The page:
Peter Brötzmann's early interest was in painting and he attended the art academy in Wuppertal. Being very dissatisfied with the gallery/exhibition situation in art he found greater satisfaction playing with semi-professional musicians, though continued to paint (as well as retaining a level of control over his own records, particularly in record sleeve/CD booklet design). In late 2005 he had a major retrospective exhibition jointly with Han Bennink - two separate buildings separated by an inter-connecting glass corridor - in Brötzmann's home town of Remscheid.
Self-taught on clarinets, he soon moved to saxophones and began playing swing/bebop, before meeting Peter Kowald. During 1962/63 Brötzmann, Kowald and various drummers played regularly - Mingus, Ornette Coleman, etc. - while experiencing freedoms from a different perspective via Stockhausen, Nam June Paik, David Tudor and John Cage. In the mid 1960s, he played with American musicians such as Don Cherry and Steve Lacy and, following a sojourn in Paris with Don Cherry, returned to Germany for his unorthodox approach to be accepted by local musicians like Alex von Schlippenbach and Manfred Schoof.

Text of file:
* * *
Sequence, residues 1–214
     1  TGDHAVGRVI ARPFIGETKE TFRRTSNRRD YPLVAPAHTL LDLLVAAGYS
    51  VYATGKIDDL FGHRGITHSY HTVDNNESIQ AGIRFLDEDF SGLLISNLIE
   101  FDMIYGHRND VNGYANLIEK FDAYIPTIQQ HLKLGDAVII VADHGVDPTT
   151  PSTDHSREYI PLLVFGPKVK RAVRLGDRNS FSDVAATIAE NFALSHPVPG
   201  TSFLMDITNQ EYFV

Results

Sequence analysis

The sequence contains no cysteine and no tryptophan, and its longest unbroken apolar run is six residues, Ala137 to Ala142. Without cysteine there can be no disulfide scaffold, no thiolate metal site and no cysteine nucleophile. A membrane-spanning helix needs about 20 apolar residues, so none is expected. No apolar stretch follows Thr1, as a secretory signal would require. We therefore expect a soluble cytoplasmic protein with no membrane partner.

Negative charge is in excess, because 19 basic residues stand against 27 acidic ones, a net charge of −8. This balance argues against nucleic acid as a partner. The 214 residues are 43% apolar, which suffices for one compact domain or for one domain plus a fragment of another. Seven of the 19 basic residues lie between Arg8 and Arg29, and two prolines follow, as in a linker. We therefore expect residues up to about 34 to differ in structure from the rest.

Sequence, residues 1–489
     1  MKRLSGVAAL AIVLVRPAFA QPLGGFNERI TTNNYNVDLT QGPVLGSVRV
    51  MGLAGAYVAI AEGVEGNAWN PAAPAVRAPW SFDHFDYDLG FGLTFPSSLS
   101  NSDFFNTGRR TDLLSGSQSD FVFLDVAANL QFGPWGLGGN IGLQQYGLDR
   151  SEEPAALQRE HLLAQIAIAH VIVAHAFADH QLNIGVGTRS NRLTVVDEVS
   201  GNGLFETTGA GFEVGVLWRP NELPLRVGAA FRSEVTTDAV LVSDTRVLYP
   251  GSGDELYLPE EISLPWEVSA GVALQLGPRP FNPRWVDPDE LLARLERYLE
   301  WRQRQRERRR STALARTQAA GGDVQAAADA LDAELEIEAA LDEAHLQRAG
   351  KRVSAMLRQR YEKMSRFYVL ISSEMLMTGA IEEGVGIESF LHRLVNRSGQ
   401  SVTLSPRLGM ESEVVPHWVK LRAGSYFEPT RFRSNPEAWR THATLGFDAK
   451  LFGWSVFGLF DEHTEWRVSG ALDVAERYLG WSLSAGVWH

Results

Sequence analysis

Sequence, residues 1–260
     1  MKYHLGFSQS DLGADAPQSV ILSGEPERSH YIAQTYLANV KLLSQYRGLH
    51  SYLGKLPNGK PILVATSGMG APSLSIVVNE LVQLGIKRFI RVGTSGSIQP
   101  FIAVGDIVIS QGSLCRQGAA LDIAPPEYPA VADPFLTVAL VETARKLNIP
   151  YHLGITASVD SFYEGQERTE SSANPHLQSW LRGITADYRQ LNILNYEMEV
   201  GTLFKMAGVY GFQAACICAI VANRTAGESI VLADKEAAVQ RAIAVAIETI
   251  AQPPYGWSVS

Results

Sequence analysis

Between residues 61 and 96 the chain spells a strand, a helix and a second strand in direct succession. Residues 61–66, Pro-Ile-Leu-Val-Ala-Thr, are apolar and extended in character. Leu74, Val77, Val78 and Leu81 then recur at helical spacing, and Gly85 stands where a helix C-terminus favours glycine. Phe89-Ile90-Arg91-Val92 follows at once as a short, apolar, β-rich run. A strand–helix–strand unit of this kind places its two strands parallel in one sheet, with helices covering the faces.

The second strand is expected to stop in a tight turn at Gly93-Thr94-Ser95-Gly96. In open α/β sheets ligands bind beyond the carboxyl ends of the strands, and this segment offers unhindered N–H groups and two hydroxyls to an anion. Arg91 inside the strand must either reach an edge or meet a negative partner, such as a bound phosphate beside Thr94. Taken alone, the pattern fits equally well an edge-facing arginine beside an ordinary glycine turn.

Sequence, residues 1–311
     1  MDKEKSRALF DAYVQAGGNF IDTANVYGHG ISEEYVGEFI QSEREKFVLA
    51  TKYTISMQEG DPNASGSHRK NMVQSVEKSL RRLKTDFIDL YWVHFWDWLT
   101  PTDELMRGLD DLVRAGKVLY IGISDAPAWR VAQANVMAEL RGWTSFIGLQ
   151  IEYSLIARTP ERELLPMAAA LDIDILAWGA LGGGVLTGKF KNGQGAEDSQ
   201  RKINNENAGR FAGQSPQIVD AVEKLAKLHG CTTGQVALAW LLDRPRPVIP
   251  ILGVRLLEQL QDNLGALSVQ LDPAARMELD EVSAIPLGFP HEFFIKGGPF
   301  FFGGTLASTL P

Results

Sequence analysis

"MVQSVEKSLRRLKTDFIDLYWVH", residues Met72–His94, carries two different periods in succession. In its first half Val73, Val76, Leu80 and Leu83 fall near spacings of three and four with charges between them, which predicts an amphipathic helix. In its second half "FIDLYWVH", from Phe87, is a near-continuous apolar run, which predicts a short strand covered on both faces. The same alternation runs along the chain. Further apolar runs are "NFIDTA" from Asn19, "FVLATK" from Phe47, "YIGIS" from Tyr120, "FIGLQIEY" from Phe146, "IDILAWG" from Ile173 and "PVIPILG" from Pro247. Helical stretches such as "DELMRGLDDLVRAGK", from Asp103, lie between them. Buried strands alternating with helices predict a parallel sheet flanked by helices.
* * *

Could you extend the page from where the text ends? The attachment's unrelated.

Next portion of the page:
The trio of Peter Brötzmann, Peter Kowald and Sven-Ake Johansson began playing in 1965/66 and it was a combination of this and the Schoof/Schlippenbach Quintet that gave rise to the first Globe Unity Orchestra. Following the self-production of his first two LPs, For Adolphe Sax and Machine gun for his private label, BRÖ, a recording for Manfred Eicher's 'Jazz by Post' (JAPO) [Nipples], and a number of concert recordings with different sized groups, Brötzmann worked with Jost Gebers and started the FMP label. He also began to work more regularly with Dutch musicians, forming a trio briefly with Willem Breuker and Han Bennink before the long-lasting group with Han Bennink and Fred Van Hove. As a trio, and augmented with other musicians who could stand the pace (e.g. Albert Mangelsdorff on, for example, The Berlin concert), this lasted until the mid-1970s though Brötzmann and Bennink continued to play and record as a duo, and in other combinations, after this time. A group with Harry Miller and Louis Moholo continued the trio format though was cut short by Miller's early death.